German Sanchez Collado joined Garth Pig Practice in September 2018. He is interested in all aspects of pig production, especially disease control, zoonosis, biosecurity and herd health management. He qualified from Spain’s University of Cordoba in 2006
“She doesn’t want injections, she wants beer.” This was the famous recommendation of one farmer to the young James Herriot for the treatment of a sow after farrowing!
50 years have now passed by since the adventures of this particular Yorkshire vet, and the pig sector has taken many ‘spins’ as the industry develops, progresses and professionalises. Experts say science and technology are advancing exponentially more than linearly, weaving their way into our lives in ways we could never have imagined.
But I am not sure if the general public is aware of the tremendous influence science has had on pig farming, improving meat quality, production and animal welfare and health. If we take into consideration the ‘big data’ revolution and the rise of artificial intelligence, this gives another important spin to all our pig farming methods.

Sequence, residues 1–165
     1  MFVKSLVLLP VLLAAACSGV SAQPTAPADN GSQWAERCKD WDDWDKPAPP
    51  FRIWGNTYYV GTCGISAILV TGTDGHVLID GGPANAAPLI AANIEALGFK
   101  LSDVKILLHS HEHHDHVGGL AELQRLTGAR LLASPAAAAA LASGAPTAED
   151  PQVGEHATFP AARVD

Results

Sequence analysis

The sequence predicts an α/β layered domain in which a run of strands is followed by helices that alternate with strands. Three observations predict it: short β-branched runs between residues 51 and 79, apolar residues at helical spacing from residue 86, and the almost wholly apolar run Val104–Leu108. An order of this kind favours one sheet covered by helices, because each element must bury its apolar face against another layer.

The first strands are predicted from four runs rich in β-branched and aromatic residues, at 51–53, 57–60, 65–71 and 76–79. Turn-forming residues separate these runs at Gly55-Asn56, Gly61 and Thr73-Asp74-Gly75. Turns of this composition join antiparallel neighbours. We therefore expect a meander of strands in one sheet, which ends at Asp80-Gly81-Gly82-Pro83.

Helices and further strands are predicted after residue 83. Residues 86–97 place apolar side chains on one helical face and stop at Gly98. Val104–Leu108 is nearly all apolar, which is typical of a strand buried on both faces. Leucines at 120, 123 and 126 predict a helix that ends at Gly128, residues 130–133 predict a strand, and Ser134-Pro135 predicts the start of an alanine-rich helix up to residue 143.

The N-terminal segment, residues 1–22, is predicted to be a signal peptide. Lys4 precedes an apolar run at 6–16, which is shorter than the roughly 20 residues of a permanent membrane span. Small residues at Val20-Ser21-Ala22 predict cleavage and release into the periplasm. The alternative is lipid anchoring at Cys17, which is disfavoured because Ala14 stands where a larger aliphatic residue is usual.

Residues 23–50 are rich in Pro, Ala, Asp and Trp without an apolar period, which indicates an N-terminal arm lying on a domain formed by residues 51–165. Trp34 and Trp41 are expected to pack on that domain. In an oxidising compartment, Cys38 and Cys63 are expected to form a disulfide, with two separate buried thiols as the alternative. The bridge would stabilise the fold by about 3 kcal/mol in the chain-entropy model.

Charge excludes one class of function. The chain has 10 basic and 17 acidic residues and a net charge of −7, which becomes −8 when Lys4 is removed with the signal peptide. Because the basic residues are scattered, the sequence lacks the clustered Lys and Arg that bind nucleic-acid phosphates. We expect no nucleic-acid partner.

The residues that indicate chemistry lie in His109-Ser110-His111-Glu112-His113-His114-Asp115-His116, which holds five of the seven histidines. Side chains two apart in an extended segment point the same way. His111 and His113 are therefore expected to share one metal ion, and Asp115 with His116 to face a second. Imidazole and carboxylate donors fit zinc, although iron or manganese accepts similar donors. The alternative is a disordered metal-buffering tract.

Nowadays, it is commonplace for farmers to use ultrasonography for the diagnosis of gestation, or to measure the corporal condition. They also keep computer records of important productive parameters and use artificial insemination.
It is not inconceivable that in a few more years, the modern farmer will employ tools like blockchain, robotics, drones, 3D printers or virtual reality training methods, as well as making more use of 5G and the ‘internet of things’.
The shortage of manpower is a problem and it could be that modernisation and technology helps improve the appeal of pig farming among younger people.
Innovation in animal health is also growing exponentially. We have had PCR diagnostics for a few decades, and DNA sequencing is increasingly affordable. The CRISPR technique seems promising for genetic selection and therapeutics.
Big data will be a very useful tool in the fight against animal diseases, with the trend towards a model that provides certification and online information on farms that are officially free of certain diseases.
We could talk about the ‘internet of animals’, using sensors and mobile applications to inform us of the state of our farm and allow an even more proactive approach. Never before have we had more tools to provide the sort of meat product that the consumer prefers, which will be of even greater importance when we have to compete in the market with new ‘laboratory’ foods that try to achieve the same level of organoleptic quality!
Technology is also giving important spins in responsible and accountable farming, sustainability, animal welfare, environmental impact and antibiotics usage, where the UK is doing quite well.
So let’s take that old farmer’s advice, and raise a glass of beer to the British Pig Industry – cheers!